Every day millions of people around the world start the day with a cup of coffee. But Rozenn Kerviel, Sustainability Manager for Coffee at Louis Dreyfus Company (LDC), is not one of them.
“The challenge of the job keeps me awake,” the native Breton smiles, hinting at the relentless pace of her mission to achieve a totally transparent and sustainable supply chain for LDC’s coffee business.
As coffee consumption grows around the globe, including in producer countries, the task seems to expand every day too.
The task at hand is colossal. Extreme weather patterns, increasingly persistent pests and diseases as well as difficulties arising from poor technical knowledge, are all major hurdles requiring long-term effort and a strategic vision that stretch beyond immediate profit.
“How do we make sure we can enjoy good quality coffee in 30 years? That’s the mission,” she says. “Our goal is to assure the survival and continued profitability of coffee farming.”
Being out there
After studies in Paris, Grenoble, and Berlin, Rozenn joined a multinational food and beverage company in Paris, where she became aware of the need to make sustainability an integral part of the business, especially in procurement.
“Historically sustainability was part of marketing or CSR (corporate social responsibility), but what is really needed is to have it embedded in all aspects of a business.”
Her experience gained at a big food company was very valuable, but Rozenn felt that to take on sustainability issues, she had to familiarize herself with the whole supply chain: be in the field, work with farmers and get to know their reality.
She decided to base herself in Central America, working first with a Mexican cooperative of 800 coffee farmers. She then went to Guatemala, working for one of the country’s biggest cooperatives, exporting cardamom and spices. She helped them to collaborate on coffee and cocoa too, supporting their marketing activities, and representing them at trade fairs.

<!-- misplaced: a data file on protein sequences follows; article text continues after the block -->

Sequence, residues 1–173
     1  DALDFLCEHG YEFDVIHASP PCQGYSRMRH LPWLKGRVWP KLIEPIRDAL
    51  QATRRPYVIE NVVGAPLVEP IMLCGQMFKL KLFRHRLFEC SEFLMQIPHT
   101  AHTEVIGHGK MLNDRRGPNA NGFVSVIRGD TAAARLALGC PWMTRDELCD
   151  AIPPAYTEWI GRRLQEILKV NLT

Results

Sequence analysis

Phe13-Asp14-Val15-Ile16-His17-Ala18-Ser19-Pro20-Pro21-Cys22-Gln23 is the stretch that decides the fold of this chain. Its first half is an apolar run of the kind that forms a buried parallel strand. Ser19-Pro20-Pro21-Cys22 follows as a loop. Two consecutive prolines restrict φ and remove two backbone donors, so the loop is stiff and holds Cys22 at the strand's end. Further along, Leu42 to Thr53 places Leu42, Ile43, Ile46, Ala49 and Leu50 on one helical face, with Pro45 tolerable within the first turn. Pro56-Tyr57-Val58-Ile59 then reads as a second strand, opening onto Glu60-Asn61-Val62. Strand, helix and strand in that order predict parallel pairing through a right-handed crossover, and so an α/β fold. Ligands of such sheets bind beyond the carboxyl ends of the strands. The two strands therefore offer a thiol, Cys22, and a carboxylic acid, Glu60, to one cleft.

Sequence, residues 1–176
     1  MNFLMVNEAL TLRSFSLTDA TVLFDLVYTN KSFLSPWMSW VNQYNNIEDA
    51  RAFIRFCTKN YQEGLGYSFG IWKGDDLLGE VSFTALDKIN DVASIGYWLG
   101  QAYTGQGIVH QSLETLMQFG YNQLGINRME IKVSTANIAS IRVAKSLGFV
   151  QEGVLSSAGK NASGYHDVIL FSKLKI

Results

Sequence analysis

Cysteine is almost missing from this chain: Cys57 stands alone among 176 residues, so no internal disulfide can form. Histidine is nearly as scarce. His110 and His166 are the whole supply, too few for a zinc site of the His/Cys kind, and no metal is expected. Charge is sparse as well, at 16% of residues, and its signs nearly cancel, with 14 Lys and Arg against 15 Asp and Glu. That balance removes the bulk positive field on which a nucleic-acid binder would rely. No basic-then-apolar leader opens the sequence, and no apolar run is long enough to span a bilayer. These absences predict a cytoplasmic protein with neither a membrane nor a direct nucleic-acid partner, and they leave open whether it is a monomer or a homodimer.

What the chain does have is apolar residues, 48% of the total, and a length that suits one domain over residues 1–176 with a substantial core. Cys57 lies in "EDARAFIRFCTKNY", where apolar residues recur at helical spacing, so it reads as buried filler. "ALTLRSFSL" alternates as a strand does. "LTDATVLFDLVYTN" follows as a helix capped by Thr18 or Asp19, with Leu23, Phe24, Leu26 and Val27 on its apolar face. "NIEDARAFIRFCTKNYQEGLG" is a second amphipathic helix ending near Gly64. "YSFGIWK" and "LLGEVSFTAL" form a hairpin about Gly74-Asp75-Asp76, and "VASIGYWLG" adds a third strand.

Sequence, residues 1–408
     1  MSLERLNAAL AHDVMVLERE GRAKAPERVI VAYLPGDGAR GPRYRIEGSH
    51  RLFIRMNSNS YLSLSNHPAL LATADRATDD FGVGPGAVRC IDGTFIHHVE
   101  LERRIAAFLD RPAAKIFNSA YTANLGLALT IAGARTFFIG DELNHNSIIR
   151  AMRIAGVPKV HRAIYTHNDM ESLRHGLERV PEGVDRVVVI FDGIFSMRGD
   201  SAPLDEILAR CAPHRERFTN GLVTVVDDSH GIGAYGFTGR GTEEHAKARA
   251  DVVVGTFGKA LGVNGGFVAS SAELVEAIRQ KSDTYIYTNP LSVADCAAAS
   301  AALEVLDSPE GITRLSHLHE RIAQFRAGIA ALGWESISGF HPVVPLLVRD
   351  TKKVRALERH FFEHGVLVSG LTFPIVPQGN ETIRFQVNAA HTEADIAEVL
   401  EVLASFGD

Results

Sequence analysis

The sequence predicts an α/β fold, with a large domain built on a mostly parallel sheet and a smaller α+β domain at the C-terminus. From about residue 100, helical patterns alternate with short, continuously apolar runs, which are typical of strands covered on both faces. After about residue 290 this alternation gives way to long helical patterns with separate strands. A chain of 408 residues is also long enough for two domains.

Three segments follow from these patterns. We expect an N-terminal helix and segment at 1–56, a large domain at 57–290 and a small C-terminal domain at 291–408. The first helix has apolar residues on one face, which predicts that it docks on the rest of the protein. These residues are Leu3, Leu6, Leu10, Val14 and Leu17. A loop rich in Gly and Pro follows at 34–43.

“The experience of working with farmers clarified my thinking,” she says. “I learned about their problems but also understood much better that to make a difference in their lives, the private sector’s role in sustainability efforts had to grow substantially.”
Being part of the solution
And global merchants would be a good place to make that case.
“They could play a major role in solving the problem,” she comments.
Rozenn joined LDC as Coffee Sustainability Manager in 2013, building the function with an initial focus on the world’s five largest coffee producers: Vietnam, Indonesia, Brazil, Colombia, and Mexico.
Now based in Geneva, Rozenn manages a diverse and truly global team of sustainability specialists, managers, agronomists and more. She also looks after a steadily growing portfolio of sustainability projects designed to improve farmers’ livelihoods through technical training, teaching smart agriculture practices, and climate change adaptation measures.
“One of my most important documents is a list of more than 20,000 farmers we work with,” she smiles, explaining that her mission can only succeed if the farmers also benefit. Most of them are smallholders working in some of the world’s remotest regions.
“Sustainability has enormous brand value,” she says. “But that’s not the most important element.”
“If coffee farmers cannot make enough money to support their families, they will move to other sectors and we will lose our coffee. We need coffee production to be sustainable in the long-term, even if the profit is sometimes a short-term decision.”
Does she ever wonder if her skills and her case would be better understood in an NGO or other non-profit setting?
“Maybe,” she answers. “But here (at LDC) is where I feel I can make a difference and I strongly believe that all the actors including NGOs, rosters, banks, farmers, and merchants have to work together to see change.”
“We (the merchants) have a key role in the agricultural value chain and we can leverage this to power sustainable business.“